Everything you need to know before making a French will
- Credit: Archant
Before making a French will make sure you understand the French and European regulations and the different types of French wills
Benoît Duchan is a notaire based in Chalabre, Aude
To make a will that will be considered valid under French law, you must be mentally capable and at least 18 years old, although there are provisions in place for minors to make a will from the age of 16. The will only applies to assets which the testator legally owns at the time of death.
Can I have a French will and a UK will?
France has signed the 1961 Hague Convention concerning wills and therefore recognises wills that are valid under UK law. This also means that a UK will can cover French assets and that a French will can also affect assets located in the UK, but also that a French will can cancel a UK will and vice versa.
It is therefore very important to mention to your lawyer or notaire who helps you with your French or UK will if you already have another will in place in the other country. Otherwise, if you start your new will with the standard “This is my last will and testament; I cancel every other previous will...”, this automatically cancels the will you have already drawn up in the other country.
If you want to maintain the other country’s will, it has to be specifically mentioned. For instance, you could say: “I cancel every previous will except the will made on such-and-such a date in France (or in the UK) that I specifically maintain.”
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Is it better to have one will or separate wills for different countries?
Even if a single will can cover assets in both countries, it may be recommended in some situations to have two separate wills, one for each country, because the inheritance and tax laws in the two countries may be different. French law, for instance, does not recognise the ‘trust’ system or the powers that a UK ‘executor’ of a will has under UK law. This may cause problems, especially for registering the transfer of the French property. In terms of taxes, a discretionary trust is heavily taxed in France, even if the beneficiaries are the children.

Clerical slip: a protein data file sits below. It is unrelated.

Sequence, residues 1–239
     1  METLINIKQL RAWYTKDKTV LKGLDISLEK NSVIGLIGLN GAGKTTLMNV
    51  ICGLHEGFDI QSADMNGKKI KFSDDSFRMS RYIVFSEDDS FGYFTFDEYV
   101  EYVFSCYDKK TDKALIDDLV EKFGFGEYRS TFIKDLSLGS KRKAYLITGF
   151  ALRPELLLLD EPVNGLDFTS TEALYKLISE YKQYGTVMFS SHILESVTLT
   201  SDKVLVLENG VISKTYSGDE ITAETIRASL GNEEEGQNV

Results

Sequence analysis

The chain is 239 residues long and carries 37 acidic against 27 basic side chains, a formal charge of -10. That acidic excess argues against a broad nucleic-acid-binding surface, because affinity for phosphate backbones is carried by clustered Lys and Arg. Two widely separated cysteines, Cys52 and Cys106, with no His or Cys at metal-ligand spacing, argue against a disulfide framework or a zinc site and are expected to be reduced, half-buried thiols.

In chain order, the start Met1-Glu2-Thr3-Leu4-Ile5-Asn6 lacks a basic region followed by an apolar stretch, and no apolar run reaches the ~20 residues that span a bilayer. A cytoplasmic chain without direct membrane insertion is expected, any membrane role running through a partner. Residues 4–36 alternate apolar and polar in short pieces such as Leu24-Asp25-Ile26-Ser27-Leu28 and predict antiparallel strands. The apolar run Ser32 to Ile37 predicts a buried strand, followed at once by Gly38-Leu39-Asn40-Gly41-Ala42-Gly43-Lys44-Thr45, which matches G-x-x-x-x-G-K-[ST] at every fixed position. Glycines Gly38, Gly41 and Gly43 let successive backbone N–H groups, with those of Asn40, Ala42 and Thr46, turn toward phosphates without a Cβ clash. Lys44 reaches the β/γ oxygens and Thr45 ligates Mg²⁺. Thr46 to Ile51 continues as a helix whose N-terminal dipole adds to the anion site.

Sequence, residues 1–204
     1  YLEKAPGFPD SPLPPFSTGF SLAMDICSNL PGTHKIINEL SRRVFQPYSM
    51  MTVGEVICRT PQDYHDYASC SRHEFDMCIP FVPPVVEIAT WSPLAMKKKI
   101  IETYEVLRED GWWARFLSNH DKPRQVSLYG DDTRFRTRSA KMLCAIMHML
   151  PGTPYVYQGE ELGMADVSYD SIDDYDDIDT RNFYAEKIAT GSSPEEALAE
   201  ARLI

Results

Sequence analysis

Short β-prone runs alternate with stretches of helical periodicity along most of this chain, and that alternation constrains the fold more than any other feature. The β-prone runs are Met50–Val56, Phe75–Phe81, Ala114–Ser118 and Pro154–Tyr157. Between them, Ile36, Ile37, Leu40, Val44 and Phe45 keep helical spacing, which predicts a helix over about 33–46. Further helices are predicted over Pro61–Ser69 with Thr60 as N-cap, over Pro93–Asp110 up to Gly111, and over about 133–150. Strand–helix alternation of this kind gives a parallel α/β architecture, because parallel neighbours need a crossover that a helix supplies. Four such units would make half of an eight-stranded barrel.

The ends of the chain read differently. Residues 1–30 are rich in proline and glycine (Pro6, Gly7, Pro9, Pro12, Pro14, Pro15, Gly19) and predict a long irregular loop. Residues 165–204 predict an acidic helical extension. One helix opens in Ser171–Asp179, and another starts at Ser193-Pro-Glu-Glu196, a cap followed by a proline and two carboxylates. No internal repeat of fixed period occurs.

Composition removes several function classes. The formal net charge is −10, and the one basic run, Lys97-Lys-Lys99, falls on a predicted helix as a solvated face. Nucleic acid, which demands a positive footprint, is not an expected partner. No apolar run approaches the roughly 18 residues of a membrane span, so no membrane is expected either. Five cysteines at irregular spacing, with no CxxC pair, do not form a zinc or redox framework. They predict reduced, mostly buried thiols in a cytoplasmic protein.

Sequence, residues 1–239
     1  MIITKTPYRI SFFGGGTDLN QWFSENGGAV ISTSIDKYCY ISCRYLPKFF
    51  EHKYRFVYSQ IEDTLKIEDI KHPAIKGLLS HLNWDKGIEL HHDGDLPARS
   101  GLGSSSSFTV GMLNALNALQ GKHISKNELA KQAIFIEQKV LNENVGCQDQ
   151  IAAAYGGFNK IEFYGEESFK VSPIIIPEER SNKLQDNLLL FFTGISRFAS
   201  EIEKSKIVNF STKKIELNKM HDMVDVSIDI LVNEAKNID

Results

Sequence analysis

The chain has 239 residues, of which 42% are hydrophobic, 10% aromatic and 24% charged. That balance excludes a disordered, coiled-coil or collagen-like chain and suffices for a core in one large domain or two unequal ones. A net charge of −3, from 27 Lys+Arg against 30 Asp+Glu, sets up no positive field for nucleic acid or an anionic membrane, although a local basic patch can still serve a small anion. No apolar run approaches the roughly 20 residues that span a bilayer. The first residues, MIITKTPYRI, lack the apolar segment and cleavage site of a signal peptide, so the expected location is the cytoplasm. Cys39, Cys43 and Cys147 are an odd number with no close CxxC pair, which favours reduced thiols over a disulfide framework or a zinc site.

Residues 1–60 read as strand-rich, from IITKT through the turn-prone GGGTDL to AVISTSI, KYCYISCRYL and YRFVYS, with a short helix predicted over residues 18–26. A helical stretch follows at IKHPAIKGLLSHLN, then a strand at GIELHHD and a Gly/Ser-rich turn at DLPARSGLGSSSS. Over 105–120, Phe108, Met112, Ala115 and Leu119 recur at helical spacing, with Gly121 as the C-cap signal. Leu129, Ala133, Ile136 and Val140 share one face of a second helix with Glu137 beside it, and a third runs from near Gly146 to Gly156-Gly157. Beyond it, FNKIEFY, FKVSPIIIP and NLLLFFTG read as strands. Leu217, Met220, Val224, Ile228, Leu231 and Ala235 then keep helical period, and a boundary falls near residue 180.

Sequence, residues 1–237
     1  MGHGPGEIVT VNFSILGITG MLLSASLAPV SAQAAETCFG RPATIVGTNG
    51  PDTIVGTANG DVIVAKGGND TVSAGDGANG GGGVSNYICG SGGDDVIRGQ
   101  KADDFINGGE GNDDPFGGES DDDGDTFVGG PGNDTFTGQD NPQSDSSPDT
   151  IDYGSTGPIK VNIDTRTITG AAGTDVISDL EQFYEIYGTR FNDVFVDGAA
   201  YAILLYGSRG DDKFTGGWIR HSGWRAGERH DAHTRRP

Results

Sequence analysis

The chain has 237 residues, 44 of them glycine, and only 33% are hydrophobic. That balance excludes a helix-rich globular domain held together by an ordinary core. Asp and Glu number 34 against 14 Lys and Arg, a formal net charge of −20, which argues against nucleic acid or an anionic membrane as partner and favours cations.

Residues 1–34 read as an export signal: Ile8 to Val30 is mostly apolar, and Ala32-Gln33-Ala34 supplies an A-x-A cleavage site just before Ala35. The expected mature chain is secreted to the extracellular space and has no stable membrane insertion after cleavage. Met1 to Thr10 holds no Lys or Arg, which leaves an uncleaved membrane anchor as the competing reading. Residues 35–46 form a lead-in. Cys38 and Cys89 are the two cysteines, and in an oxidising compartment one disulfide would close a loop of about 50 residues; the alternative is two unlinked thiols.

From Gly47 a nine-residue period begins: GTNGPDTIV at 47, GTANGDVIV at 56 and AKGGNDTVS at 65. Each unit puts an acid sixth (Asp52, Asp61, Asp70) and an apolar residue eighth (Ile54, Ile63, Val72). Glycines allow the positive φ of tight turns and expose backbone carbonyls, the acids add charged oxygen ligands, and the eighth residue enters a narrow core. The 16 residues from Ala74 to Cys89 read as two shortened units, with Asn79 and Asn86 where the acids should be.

What about the European regulations?
The European Succession Regulation 650/2012, which came into force on 17 August 2015, allows you to elect your national law of succession to apply to all your assets including those located in France. If you wish to elect your national law of succession, and for it to be recognised in France, it must be written into your will. However, the UK has opted out from this EU regulation and therefore its application is not yet guaranteed. Please note that this regulation is not a tax treaty and so the French tax regulations would still apply.
What are the different types of French will?
Under French law a will can be ‘authentique’, ‘mystique’, ‘international’ or ‘olographe’.
A mystique will is handed to a French notaire in a sealed envelope in the presence of two witnesses.
An international will can be handwritten by the testator himself or typed, not necessarily in French, and signed in the presence of two witnesses in front of a French notaire.
An olographe will – the most common type in France – is written entirely by hand, dated and signed by the testator himself. It is not signed in the presence of a notaire or witnesses. French law considers that the fact that it is entirely written by hand by the testator is sufficient. It can be written in any language, not necessarily in French. It is, of course, recommended that the testator gets legal advice before drawing it up. The testator should give the original of the handwritten will to a French notaire in order for it to be kept and registered at the ‘fichier central des dispositions de dernières volontés’, the French national registry of last wills and testaments. This formality is not a condition of validity of the will but is to guarantee that it will be found and used.
In conclusion, I highly recommend that you seek legal advice from a specialist before you make your will concerning any French assets. This can be a very cost-effective way to avoid any undue distress and confusion for your beneficiaries.